• The special plugins mount point serves files from the lib directory of every module. It behaves as if someone had copied the contents of every lib directory into one big directory, with no additional namespacing. Puppet agent uses this mount point when syncing plugins before a run, but there’s no reason to use it in a file resource.

  • The special pluginfacts mount point serves files from the facts.d directory of every module to support external facts. It behaves like the plugins mount point, but with a different source directory.

  • The special locales mount point serves files from the locales directory of every module to support automatic downloading of module translations to agents. It also behaves like the plugins mount point, and also has a different source directory.

<PATH> is the remainder of the path to the file, starting from the directory (or imaginary directory) that corresponds to the mount point.

Creating a new mount point in fileserver.conf

The fileserver.conf file uses the following syntax to define mount points:
[<NAME OF MOUNT POINT>]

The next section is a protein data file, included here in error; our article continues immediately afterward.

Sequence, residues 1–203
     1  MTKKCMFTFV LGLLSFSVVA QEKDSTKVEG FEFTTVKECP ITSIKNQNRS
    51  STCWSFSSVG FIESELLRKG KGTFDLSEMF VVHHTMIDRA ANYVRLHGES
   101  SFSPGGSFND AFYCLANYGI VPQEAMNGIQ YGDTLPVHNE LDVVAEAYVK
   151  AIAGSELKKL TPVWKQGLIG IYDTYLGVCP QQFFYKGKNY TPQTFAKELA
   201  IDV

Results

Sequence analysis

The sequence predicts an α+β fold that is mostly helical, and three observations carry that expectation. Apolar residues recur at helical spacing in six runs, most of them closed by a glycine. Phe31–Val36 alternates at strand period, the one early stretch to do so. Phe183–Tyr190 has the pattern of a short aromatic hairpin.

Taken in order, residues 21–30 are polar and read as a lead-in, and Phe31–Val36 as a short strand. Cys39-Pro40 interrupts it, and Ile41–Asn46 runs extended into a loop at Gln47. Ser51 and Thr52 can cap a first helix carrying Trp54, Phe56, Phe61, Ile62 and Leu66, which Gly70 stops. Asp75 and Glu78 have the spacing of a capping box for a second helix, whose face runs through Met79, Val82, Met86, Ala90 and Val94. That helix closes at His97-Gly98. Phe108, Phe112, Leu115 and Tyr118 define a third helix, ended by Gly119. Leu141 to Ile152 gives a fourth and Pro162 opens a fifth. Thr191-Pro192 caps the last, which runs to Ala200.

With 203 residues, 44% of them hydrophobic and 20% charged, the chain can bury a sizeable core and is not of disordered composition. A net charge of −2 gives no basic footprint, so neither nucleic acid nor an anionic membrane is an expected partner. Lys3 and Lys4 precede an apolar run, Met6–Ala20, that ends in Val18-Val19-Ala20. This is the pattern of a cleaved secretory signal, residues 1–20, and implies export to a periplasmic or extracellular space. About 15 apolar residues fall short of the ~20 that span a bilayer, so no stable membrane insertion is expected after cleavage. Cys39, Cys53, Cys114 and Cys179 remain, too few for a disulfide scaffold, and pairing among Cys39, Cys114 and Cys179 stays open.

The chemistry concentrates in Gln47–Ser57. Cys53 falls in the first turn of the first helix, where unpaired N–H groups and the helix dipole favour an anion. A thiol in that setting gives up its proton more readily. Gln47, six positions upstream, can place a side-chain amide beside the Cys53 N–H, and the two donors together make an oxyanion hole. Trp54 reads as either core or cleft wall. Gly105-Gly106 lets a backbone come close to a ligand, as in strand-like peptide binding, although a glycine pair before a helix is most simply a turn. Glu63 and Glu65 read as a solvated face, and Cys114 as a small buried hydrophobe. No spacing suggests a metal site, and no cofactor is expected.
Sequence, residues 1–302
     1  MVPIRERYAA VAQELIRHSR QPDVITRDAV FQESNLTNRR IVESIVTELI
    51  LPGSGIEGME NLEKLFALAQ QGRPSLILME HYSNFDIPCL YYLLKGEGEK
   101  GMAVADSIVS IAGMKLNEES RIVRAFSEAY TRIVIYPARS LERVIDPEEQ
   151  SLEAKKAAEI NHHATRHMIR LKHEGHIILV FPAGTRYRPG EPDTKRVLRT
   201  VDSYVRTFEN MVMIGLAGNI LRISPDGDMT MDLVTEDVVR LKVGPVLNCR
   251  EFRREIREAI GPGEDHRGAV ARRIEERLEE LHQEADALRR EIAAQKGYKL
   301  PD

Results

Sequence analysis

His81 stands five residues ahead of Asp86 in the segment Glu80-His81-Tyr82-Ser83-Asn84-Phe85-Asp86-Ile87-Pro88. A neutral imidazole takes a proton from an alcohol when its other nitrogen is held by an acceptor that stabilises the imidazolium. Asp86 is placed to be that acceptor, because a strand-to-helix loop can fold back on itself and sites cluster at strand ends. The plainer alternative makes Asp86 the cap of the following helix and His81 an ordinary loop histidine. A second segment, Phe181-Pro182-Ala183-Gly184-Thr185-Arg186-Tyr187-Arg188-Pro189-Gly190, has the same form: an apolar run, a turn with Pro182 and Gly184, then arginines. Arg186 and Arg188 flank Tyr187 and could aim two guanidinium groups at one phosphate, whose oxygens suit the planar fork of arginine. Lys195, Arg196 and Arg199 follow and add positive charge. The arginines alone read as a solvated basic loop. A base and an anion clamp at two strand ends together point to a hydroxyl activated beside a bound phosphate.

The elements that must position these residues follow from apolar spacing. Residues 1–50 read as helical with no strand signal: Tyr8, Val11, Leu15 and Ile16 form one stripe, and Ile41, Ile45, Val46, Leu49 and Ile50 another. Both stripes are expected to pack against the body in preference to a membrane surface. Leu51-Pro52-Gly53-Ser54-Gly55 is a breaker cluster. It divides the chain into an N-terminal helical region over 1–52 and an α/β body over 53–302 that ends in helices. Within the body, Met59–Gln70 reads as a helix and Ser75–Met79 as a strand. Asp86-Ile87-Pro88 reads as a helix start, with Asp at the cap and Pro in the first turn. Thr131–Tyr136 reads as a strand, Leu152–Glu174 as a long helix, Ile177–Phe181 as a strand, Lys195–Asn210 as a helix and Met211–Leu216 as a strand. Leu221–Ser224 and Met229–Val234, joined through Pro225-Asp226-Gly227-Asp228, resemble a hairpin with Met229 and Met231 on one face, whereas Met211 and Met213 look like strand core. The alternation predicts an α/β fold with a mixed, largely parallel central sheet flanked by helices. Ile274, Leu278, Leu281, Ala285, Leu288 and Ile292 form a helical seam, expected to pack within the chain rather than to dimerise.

path <PATH TO DIRECTORY>
           allow *         
In the following example, a file at /etc/puppetlabs/puppet/installer_files/oracle.pkg would be available in manifests as puppet:///installer_files/oracle.pkg:
[installer_files]
    path /etc/puppetlabs/puppet/installer_files
    allow 

Make sure that the puppet user has the right permissions to access that directory and its contents.

Always include the allow * line, because the default behavior is to deny all access. To change access to a custom mount point, update the rules in auth.conf, as described below. Putting authorization rules in fileserver.conf is deprecated.

CAUTION: Always restrict write access to mounted directories. The file server follows any symlinks in a file server mount, including links to files that agent nodes should not access (such as SSL keys). When following symlinks, the file server can access any files readable by Puppet Server’s user account.

Controlling access to a custom mount point in auth.conf

By default, any node with a valid certificate can access the files in your new mount point. If a node can fetch a catalog, it can fetch files. If the node can’t fetch a catalog, it can’t fetch files. This is the same behavior as the special modules and plugins mount points. If necessary, you can restrict access to a custom mount point in auth.conf.